Mr. Dorn is a valued and popular member of society. He has a wide circle of friends. He is a member of the Order of Elks, the Eagles, the Moose Lodge, the Amicus Club, and other associations. It goes without saying that Mr. Dorn regularly takes part in German activities. He's a long time member of the Orpheus, the Sängerbund, the Teutonia Liederkranz, and the Buffalo Gymnastics Club. Whenever he's been able to, he's worked for the betterment of the German community. He lives an ideal existence with his wife and 2 lovely daughters in a cozy home located at 115 Oxford Street.
There are few German-Americans in our city who are as well known as Mr. Charles Ulrich. He's not only valued as a successful businessman. He's valued for his jovial, lively personality by all who know him. He's enormously popular. He is the head of a large woolen goods business called Chas. Ulrich & Co. located at 504-506 Washington Street. He's become a proper American businessman and like so many of our best entrepreneuers, he's a self-made man.
Mr. Ulrich was born on March 11, 1866 in Buffalo. He was the son of Michael and Margarethe Ulrich. After attending the public schools and St. Peter's School, where his parents placed much emphasis on a good German education, he became a courier in the service of the attorney Wm. L. Jones. He was employed there for 2 years.He took a six-month course at Bryant & Stratton Business College then entered the firm of Dahlmann, Spiegel & Weil where he was employed until 1888. He was a travelling saleman and business manager there for 14 years.
Caption under picture at upper left reads Fred Joseph Dorn
Caption under picture at lower right reads Charles Ulrich
In 1902 he established his own business. His diligence and hard work enabled him to achieve a high standing. Today his business is one of the most prominent in its field.
Mr. Ulrich belongs to St. Peter's Evangelical Church. He is a prominent member of the Order of Free Masons, the Odd Fellows, and the Elks. Further he is a member and the ex-president of the Buffalo Sängerbund, a member of the Old German Society, the Buffalo Scat Club, and various other organizations. Since January 3, 1894 he has been married to Miss Katharina Villep of Buffalo. He and his wife live in a cozy little home at 241 E. North Street.
William H. Sievers
William H. Sievers was born on November 14, 1867 in Kiel, Holstein. His parents took him to Holland. Young Wilhelm attended the schools in his village and after graduating he studied artistic gardening. In 1892 he came to Buffalo and found employment as a private gardener.
He worked in this capacity until 1901, in which year he established his own business. Over the course of the years his flower business has become one of the largest of its kind here in Buffalo.
Mr. Sievers is a member of St. Peter's Church, the Orpheus, and the Sängerbund. Since 1898 he has been married to Charlotte Smith of Sherkston, Canada. Two beautiful children have come from the union - Dorothea and Friedrich W.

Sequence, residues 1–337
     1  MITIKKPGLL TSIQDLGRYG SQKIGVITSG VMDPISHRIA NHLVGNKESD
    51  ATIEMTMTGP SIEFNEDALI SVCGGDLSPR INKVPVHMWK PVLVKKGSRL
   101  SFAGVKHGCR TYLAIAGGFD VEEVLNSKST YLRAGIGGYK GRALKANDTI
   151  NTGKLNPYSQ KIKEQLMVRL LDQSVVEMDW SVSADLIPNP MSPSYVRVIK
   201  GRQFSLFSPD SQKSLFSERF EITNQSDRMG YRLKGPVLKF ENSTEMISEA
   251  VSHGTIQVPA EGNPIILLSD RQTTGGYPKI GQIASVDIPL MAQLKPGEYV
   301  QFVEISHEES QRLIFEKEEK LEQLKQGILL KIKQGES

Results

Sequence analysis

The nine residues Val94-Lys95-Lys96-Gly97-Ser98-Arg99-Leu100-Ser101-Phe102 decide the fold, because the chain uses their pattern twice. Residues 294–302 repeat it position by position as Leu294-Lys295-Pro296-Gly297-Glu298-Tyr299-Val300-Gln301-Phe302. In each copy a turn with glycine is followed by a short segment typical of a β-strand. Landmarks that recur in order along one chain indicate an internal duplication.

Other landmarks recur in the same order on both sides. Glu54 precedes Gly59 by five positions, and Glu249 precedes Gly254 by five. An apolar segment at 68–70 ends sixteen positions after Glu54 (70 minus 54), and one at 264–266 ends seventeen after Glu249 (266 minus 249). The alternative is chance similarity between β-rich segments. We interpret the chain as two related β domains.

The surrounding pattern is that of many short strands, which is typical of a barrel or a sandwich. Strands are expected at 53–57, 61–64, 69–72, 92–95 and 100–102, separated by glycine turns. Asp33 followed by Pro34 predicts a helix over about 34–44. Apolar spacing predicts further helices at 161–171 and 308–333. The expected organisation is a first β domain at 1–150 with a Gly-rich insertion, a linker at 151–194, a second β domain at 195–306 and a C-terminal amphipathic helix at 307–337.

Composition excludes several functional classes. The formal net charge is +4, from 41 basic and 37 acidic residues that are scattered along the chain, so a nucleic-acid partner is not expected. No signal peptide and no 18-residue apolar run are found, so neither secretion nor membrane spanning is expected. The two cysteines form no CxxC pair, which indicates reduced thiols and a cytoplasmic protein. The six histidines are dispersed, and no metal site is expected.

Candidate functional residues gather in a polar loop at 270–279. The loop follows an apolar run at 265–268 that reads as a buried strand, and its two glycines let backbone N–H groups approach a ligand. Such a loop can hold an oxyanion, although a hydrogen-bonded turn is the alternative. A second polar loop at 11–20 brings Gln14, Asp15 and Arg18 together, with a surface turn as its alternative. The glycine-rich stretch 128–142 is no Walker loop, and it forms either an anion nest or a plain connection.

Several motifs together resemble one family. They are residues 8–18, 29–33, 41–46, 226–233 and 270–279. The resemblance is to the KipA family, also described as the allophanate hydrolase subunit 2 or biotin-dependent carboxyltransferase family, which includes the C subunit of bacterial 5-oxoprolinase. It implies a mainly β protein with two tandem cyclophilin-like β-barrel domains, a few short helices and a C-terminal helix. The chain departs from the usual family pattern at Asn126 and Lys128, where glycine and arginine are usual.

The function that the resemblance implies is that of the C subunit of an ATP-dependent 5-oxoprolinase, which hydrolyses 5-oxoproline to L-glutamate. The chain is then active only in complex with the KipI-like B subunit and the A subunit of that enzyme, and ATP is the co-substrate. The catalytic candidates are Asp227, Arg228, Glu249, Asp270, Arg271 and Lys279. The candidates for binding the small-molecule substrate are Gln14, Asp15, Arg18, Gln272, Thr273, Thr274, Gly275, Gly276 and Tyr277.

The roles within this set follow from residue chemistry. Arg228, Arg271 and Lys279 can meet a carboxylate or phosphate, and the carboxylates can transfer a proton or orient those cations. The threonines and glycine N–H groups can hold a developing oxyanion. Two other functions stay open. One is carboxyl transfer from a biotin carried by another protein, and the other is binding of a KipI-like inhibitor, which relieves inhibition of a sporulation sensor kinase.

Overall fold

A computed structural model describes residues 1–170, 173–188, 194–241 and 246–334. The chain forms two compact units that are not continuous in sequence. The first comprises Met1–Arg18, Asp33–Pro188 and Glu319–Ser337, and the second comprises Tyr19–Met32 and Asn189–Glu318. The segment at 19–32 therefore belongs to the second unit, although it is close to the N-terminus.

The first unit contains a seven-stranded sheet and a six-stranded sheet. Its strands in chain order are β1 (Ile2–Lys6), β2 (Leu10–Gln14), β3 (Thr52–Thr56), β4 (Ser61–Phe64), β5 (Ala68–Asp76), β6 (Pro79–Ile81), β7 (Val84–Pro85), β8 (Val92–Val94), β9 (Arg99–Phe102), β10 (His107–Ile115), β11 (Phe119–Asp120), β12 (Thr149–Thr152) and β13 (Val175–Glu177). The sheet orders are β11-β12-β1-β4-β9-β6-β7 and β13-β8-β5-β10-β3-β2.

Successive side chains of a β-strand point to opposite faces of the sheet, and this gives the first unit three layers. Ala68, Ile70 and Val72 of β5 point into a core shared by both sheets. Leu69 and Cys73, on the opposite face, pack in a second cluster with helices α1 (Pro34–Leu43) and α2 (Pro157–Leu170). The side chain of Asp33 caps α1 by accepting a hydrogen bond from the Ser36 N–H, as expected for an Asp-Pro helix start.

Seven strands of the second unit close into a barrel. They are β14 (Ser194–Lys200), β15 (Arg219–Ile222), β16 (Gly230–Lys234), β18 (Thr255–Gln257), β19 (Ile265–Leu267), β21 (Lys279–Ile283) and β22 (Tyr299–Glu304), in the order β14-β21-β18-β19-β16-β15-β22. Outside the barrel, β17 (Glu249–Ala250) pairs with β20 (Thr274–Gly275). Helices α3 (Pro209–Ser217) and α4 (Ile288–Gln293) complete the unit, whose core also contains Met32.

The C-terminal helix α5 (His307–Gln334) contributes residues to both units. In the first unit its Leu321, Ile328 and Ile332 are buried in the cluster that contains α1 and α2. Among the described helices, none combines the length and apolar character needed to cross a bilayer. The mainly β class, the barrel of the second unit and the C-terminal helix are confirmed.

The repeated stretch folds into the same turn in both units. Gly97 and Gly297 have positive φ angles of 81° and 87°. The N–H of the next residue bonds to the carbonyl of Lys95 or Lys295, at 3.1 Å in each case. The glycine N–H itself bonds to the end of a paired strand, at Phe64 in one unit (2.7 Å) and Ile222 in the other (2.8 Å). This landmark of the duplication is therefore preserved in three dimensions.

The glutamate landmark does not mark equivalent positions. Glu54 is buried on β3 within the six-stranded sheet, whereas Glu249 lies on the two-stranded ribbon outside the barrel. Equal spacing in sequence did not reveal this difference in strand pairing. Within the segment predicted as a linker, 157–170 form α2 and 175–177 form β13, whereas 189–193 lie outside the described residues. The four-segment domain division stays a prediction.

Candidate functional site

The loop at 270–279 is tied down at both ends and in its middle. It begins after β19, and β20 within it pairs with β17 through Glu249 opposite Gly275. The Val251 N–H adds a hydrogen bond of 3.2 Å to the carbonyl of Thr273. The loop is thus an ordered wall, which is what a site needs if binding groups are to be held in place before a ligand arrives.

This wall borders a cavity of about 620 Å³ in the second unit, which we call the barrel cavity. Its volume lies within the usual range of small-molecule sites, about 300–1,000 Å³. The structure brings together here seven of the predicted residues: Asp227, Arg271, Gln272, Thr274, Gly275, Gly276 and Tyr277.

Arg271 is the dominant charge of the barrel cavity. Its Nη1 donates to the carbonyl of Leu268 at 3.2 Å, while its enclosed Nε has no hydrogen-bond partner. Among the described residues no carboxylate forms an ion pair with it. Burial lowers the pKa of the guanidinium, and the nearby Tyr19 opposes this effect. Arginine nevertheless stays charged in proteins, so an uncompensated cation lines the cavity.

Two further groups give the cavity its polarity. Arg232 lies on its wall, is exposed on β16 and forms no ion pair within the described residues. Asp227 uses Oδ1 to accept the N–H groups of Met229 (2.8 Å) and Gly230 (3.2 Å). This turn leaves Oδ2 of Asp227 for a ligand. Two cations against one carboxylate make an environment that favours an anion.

Respected in this city as a fine businessman, Mr. Friedrich Erion was born in the kingdom of Württemberg near Aldingen in the Spaichingen District.
Caption under picture at lower left reads William H. Sievers
Caption under picture at upper right reads Friedrich Erion
He was the son of a farmer. After graduating from the local school he worked as a farmer until he was 20. In 1870 he came to America. As he had promised his father, he worked as a farmer on a farm near Battle Creek, Michigan. Then he came to Buffalo, where his older brother had settled. Here Mr. Erion first found employment in a planing mill. Later he became a clerk in a grocery store. In 1877 he became self-supporting. Through his unique ability, hard work, and frugality he managed to secure the means to establish a drygoods business in a building at 509 William Street. One may say without reservation that Mr. F. Erion had the necessary business sense and the tact to deal with customers. In 1903 he relocated the business to 1025 Broadway near Fillmore Avenue. He has an extremely large number of customers.
On September 13, 1909 his wife, nee Martha Schlänker, died. She was the daughter of one of Buffalo's German pioneer families. The marriage was a happy one. Six adult children comfort their father since the early passing of their beloved mother: Edward P., Fred J., Arthur W., Walter C., Lydia, and Ella.
Mr. F. Erion is a man fully educated in the school of life. Through his many trips to the old and the new fatherland he has assembled a wealth of knowledge, which makes him a welcome addition at social functions.
Mr. Charles Gruber was born on February 3, 1865 in Alzen, Hessen-Darmstadt. He came to Buffalo in 1881. He has run his own business as a building contractor since 1891. He is a member of several organizations and lodges such as the Harmonia Lodge, F.& A.M., the Odd Fellows, the Knights of Pythias, the Sängerbund, the Harugari Frohsinn, and the Buffalo Elks.
Caption at lower left reads Charles Gruber
Translation for biography of Frederick L. Hartmayer can be found at Webpage 15